Gross Motor Function Classification System and outcome tools for assessing ambulatory cerebral palsy: a multicenter study

Dev Med Child Neurol. 2004 May;46(5):311-9. doi: 10.1017/s0012162204000519.


The relationships between different levels of severity of ambulatory cerebral palsy, defined by the Gross Motor Function Classification System (GMFCS), and several pediatric outcome instruments were examined. Data from the Gross Motor Function Measure (GMFM), Pediatric Orthopaedic Data Collection Instrument (PODCI), temporal-spatial gait parameters, and oxygen cost were collected from six sites. The sample size for each assessment tool ranged from 226 to 1047 participants. There were significant differences among GMFCS levels I, II, and III for many of the outcome tools assessed in this study. Strong correlations were seen between GMFCS level and each of the GMFM sections D and E scores, the PODCI measures of Transfer and Mobility, and Sports and Physical Function, Gait Velocity, and Oxygen Cost. Correlations among tools demonstrated that the GMFM sections D and E scores correlated with the largest number of other tools. Logistic regression showed GMFM section E score to be a significant predictor of GMFCS level. GMFM section E score can be used to predict GMFCS level relatively accurately (76.6%). Study data indicate that the assessed outcome tools can distinguish between children with different GMFCS levels. This study establishes justification for using the GMFCS as a classification system in clinical studies.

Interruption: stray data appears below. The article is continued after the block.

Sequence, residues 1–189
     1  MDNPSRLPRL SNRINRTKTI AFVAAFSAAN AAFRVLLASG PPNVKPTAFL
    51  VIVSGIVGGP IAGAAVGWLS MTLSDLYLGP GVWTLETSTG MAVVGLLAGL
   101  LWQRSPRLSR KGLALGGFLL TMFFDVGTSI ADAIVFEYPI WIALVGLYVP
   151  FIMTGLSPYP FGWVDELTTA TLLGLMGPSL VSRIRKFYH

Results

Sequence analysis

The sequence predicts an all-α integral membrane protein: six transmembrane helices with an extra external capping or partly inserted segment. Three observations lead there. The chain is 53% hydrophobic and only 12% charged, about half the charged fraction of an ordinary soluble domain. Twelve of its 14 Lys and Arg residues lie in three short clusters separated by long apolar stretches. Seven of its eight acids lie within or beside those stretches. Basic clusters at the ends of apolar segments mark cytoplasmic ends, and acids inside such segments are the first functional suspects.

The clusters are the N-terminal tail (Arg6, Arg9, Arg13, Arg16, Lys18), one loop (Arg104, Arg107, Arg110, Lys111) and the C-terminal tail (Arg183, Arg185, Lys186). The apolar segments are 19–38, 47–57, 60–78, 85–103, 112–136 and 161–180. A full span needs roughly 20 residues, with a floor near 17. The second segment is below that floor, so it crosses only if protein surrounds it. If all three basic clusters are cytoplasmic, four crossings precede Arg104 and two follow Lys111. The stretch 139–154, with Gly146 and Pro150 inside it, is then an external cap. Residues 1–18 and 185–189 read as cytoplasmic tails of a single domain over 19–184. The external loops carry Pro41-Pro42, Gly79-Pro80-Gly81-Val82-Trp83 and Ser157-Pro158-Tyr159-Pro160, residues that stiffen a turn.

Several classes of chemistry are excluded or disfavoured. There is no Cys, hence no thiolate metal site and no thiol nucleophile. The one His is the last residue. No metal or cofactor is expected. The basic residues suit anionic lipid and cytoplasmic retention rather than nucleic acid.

Publication types

  • Comparative Study
  • Multicenter Study
  • Research Support, Non-U.S. Gov't

MeSH terms

  • Adolescent
  • Adult
  • Ambulatory Care
  • Cerebral Palsy / epidemiology
  • Cerebral Palsy / physiopathology*
  • Child
  • Child, Preschool
  • Cluster Analysis
  • Confidence Intervals
  • Disability Evaluation
  • Female
  • Humans
  • Interpersonal Relations
  • Logistic Models
  • Male
  • Motor Skills Disorders / classification*
  • Motor Skills Disorders / etiology
  • Outcome Assessment, Health Care / methods*
  • Oxygen Consumption / physiology
  • Reproducibility of Results
  • Severity of Illness Index